“ Soon after I perceived that I had suffered a paralytick stroke, and that my speech was taken from

I had no pain, and so little dejection in this dreadful state, that I wondered at my own apathy,

me.

$ Vol. II. p. 268, of Mrs. Thrale's Collection. VCI, IV,

R

1783. and considered that perhaps death itself, when it

should come, would excite less horrour than seems Ætat. 74.

now to attend it.

“ In order to rouse the vocal organs, I took two drams. Wine has been celebrated for the production of eloquence. I put myself into violent motion, and I think repeated it; but all was vain. I then went to bed, and strange as it may seem, I think slept. When I saw light, it was time to contrive what I should do. Though God stopped my speech, he left me my hand; I enjoyed a mercy which was not granted to my dear friend Lawrence, who now perhaps overlooks me as I am writing, and rejoices that I have what he wanted. My first note was necessarily to my servant, who came in talking, and could not immediately comprehend why he should read what I put into his hands.

“I then wrote a card to Mr. Allen, that I might have a discreet friend at hand, to act as occasion should require. In penning this note, I had some difficulty ; my hand, I knew not how nor why, made wrong letters. I then wrote to Dr. Taylor to come to me, and bring Dr. Heberden: and I sent to Dr. Brocklesby, who is my neighbour. My physicians are very friendly, and give me great hopes ; but you may imagine my situation. I have so far recovered my vocal powers, as to repeat the Lord's Prayer with no very imperfect articulation. My memory, I hope, yet remains as it was! but such an attack produces solicitude for the safety of every faculty."

1783. TO MR. THOMAS DAVIES.

Etat. 74. s

DEAR SIR;

I have had, indeed, a very heavy blow; but God, who yet spares my life, I humbly hope will spare my understanding, and restore my speech. As I am not at all helpless, I want no particular assistance, but am strongly affected by Mrs. Davies's tenderness; and when I think she can do me good, shall be very glad to call upon her. I had ordered friends to be shut out; but one or two have found the way in; and if you come you shall be admitted: for I know not whom I can see, that will bring more amusement on his tongue, or more kindness in his heart. I am, &c. er June 18, 1783.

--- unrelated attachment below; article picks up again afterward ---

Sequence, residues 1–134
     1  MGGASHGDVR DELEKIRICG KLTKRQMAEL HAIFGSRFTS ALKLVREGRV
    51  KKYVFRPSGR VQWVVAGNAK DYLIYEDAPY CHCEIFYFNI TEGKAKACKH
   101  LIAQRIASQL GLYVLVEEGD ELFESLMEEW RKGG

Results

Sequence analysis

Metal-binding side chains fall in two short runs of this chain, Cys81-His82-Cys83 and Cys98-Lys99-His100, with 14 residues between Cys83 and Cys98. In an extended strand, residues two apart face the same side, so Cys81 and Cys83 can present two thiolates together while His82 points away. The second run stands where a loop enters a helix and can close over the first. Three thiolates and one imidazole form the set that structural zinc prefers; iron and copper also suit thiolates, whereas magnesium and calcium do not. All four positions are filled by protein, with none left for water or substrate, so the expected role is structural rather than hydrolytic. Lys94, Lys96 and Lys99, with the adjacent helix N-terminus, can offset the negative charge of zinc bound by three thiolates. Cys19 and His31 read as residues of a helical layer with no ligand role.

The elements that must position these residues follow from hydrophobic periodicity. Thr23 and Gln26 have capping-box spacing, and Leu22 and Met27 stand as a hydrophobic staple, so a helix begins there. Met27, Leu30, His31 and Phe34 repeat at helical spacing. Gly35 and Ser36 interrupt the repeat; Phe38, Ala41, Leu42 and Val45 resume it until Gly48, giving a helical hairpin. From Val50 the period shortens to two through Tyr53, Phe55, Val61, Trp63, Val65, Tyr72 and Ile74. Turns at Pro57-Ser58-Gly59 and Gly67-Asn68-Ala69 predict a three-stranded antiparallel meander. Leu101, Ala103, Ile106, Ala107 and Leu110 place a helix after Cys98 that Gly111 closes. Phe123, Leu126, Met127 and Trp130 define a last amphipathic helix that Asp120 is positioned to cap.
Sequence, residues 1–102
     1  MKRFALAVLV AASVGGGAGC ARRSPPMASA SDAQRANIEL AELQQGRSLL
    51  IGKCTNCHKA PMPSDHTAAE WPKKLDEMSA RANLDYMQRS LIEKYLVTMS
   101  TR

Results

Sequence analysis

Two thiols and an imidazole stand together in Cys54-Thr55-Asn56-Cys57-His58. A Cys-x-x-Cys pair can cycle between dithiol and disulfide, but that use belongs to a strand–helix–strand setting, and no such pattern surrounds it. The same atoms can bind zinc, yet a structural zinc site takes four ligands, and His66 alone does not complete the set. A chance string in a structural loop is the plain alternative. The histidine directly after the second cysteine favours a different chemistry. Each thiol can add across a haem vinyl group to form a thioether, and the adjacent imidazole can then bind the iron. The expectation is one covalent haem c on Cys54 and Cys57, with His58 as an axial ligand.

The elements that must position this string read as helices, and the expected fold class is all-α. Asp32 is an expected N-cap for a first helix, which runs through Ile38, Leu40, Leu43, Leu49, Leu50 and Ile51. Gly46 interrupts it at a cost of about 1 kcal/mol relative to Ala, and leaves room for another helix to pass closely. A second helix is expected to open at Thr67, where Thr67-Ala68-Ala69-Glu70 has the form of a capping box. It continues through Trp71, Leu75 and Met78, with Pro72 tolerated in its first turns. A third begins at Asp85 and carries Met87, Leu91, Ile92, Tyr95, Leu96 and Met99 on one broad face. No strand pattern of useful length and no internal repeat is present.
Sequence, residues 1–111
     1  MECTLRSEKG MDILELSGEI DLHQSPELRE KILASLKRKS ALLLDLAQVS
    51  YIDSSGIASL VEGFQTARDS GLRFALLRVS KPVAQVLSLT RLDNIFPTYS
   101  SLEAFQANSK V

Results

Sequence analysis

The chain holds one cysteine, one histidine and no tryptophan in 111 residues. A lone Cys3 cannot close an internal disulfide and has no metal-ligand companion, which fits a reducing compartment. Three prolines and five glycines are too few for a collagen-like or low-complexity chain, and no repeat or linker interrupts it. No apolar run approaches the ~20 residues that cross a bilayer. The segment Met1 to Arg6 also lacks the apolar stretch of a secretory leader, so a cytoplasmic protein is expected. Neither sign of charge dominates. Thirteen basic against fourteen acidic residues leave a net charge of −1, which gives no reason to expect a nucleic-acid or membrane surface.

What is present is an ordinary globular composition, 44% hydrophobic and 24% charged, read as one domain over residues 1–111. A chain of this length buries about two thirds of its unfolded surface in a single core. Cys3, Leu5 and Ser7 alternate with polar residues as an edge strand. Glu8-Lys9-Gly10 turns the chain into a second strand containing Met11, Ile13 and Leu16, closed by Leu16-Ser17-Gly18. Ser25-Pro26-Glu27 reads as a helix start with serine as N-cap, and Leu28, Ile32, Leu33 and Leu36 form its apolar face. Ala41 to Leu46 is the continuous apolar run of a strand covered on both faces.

« SAM. JOHNSON.'

It gives me great pleasure to preserve such a memorial of Johnson's regard for Mr. Davies, to whom I was indebted for my introduction to him. He indeed loved Davies cordially, of which I shall give the following little evidence. One day when he had treated him with too much asperity, Tom, who was not without pride and spirit, went off in a passion ; but he had hardly reached home, when Frank, who had been sent after him, delivered this note: - Come, come, dear Davies, I am always sorry when we quarrel; send me word that we are friends."

: Poor Derrick, however, though he did not himself introduce me to Dr. Johnson as he promised, had the merit of introducing me to Davies, the immediate introductor,